Posted: Tuesday, September 30, 2008 9:42 pm
Dear Annie: My late husband and I started a business together. When he died, I asked my two sons, “John” and “Philip,” to take over. Philip became money hungry and sued his brother and me. He is no longer part of the business, and in retaliation, I am not allowed to see my two grandchildren.
It’s been over a year since I last communicated with Philip. All attempts to contact him, letters, presents, etc., have been refused. He has gone behind our backs to try to woo some of our employees and has been very underhanded about it, telling people we are going out of business. He is illegally operating a company out of his home with eight employees.
Should I give the authorities all the information I have on his activities or just move on with my life? Should I keep trying to contact him and my grandchildren? This has torn our family apart. I no longer know this person whom I raised, nurtured and loved. He is bitter and angry, and I believe he needs professional help. — A Mom on the Outside
Dear Mom: It sounds as if Philip deserves to be reported to the authorities, but understand that if you do this, there will be little chance of ever healing the relationship. Many people who betray their families or friends cannot deal with the guilt and behave abysmally, trying to convince themselves that you somehow deserved it. There is no guarantee it will get better with time, but it remains a possibility. Once you report him, however, that door is closed. The choice is yours.
Dear Annie: Do you have rules for cell phone etiquette? I called a friend to say hello, and within two minutes her cell phone rang. Instead of letting the call go to voicemail, she answered it while holding the home phone to her other ear, and I could hear her entire trivial conversation. I almost hung up on her.
It seems I wasn’t important enough for her to ignore the cell phone, and I think she was very rude. She didn’t apologize for keeping me waiting. Instead, she said she was “popular.” Should I have said something? This also happens when we are having lunch together. When I’m with someone, I keep my cell on mute and check messages later. I understand taking calls in an emergency, but not for anything else. I know she reads your column. Help me out. — Mute in Montana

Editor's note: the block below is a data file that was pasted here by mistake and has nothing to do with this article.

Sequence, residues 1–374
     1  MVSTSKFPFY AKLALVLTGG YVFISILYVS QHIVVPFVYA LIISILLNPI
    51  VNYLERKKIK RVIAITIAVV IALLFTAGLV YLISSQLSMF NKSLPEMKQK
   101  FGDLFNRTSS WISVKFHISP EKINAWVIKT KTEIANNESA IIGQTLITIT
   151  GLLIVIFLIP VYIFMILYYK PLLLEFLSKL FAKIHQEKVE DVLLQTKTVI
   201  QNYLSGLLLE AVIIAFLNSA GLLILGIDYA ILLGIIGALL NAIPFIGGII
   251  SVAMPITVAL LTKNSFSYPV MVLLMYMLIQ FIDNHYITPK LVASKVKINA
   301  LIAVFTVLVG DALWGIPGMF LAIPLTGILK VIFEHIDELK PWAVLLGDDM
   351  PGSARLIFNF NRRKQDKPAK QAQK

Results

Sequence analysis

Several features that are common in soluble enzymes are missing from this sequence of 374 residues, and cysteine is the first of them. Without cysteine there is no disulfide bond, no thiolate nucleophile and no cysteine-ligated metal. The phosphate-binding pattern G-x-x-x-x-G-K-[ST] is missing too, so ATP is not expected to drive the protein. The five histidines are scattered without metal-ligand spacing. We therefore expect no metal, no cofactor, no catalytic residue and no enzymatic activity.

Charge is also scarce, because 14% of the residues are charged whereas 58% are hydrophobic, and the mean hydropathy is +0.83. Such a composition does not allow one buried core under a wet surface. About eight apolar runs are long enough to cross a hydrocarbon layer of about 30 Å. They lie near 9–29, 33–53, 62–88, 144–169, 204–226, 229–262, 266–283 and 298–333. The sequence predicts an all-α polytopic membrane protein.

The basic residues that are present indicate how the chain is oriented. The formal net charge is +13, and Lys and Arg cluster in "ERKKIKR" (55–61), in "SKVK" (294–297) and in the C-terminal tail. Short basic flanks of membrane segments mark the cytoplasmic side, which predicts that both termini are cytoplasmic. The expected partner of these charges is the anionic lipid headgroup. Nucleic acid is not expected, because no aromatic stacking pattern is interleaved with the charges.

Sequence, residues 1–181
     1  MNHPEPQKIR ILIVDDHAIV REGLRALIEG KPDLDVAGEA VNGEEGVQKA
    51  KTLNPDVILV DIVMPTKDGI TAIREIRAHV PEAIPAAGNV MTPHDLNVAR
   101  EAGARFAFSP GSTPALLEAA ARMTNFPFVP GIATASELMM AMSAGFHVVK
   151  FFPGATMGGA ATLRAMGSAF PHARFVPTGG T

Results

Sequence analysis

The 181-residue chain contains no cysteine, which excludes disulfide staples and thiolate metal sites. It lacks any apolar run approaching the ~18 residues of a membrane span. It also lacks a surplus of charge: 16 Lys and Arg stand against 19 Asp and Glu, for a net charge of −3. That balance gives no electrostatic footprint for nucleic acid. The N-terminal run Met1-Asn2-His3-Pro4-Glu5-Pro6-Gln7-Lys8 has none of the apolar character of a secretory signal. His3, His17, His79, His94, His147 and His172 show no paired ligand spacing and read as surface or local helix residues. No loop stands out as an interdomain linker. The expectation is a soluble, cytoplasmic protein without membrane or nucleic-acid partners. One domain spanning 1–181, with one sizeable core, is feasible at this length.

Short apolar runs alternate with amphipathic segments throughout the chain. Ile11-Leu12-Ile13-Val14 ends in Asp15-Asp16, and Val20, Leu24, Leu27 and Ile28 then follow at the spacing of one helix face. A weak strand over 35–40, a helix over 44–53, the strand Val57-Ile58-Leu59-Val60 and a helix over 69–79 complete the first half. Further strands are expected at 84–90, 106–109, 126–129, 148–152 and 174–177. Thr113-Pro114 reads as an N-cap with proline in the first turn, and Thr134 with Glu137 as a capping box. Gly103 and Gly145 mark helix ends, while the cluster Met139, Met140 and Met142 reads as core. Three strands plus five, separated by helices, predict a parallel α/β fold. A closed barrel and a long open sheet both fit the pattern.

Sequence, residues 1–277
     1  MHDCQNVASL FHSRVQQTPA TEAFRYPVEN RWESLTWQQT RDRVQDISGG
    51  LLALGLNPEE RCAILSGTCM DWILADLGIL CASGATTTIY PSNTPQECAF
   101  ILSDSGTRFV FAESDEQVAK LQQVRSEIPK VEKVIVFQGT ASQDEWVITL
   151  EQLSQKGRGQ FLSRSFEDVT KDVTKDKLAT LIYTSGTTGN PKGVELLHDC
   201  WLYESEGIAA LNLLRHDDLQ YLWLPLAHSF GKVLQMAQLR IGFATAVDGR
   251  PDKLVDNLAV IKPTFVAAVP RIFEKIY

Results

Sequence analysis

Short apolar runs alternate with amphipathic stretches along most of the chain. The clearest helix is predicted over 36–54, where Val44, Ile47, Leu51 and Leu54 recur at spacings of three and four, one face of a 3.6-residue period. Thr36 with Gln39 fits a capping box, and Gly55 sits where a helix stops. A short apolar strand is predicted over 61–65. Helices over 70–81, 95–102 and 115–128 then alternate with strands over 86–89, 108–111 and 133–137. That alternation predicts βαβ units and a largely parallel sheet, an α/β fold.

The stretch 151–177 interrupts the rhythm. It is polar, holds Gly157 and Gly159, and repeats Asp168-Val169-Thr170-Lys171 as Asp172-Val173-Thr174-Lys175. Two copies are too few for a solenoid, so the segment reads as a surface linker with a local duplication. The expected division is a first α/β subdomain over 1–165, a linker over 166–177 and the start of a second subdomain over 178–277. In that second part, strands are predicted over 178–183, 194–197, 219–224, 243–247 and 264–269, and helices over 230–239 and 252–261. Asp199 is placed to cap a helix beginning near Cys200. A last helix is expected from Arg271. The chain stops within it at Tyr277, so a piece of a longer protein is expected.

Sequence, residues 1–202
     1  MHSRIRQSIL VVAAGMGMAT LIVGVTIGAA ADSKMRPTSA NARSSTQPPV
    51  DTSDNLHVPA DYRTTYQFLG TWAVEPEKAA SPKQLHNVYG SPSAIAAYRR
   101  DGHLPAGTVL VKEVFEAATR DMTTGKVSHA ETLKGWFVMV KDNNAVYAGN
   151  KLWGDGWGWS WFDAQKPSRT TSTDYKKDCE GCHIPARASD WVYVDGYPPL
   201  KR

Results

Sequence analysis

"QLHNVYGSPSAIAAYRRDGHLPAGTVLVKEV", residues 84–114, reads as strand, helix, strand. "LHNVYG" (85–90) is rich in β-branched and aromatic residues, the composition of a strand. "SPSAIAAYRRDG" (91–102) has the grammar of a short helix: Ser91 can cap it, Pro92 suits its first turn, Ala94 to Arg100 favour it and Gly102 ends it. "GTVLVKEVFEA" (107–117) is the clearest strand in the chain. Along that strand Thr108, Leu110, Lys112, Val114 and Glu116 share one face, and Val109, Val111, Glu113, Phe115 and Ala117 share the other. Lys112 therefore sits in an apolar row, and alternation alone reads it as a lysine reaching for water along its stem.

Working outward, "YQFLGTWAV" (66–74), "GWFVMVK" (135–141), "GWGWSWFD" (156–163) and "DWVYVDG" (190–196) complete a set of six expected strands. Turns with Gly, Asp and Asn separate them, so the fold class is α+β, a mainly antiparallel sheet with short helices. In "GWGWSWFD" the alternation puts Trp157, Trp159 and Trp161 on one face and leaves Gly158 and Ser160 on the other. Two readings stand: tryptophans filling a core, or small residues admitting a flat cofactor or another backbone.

Dear Mute: Your friend seems to think she is impressing others by taking multiple calls. She is wrong. The basic rule for cell phones and PDAs is to be considerate. Since many people have no clue what that means, here are our rules:
1. The person you are with comes first. Mute your phone and let calls go to voicemail unless it is an emergency or a necessary call such as checking with the babysitter, in which case, apologize to your companion and, if possible, leave the area to speak in private. Be brief.
2. The person who calls first takes priority. Let other calls go to voicemail or tell them you will call them back.
3. Set your phone to vibrate or turn it off entirely when you are in theaters or restaurants, in church, at concerts, weddings, funerals, during public speeches, etc.
4. If you are having a phone conversation, leave some distance between you and the nearest person. No one wants to listen to your chatter, and no one should be eavesdropping on your personal information.
5. Do not, under any circumstances, read or answer e-mail on your PDA while you are having a conversation with someone sitting across from you.
Dear Annie: That was a good answer to “Facing Reality,” the young girl who feared dying. When I was that age, I, too, lay awake and worried about death. Now that I’m an old poot, I lie awake and worry about women. — Grahare
Dear Grahare: Cute. Not helpful, but very cute.
Happy Rosh Hashana to all our Jewish readers.
Annie’s Mailbox is written by Kathy Mitchell and Marcy Sugar, longtime editors of the Ann Landers column. Please e-mail your questions to firstname.lastname@example.org, or write to: Annie’s Mailbox, P.O. Box 118190, Chicago, IL 60611. To find out more about Annie’s Mailbox, and read features by other Creators Syndicate writers and cartoonists, visit the Creators Syndicate Web page at www.creators.com.
Published in The Messenger 9.30.08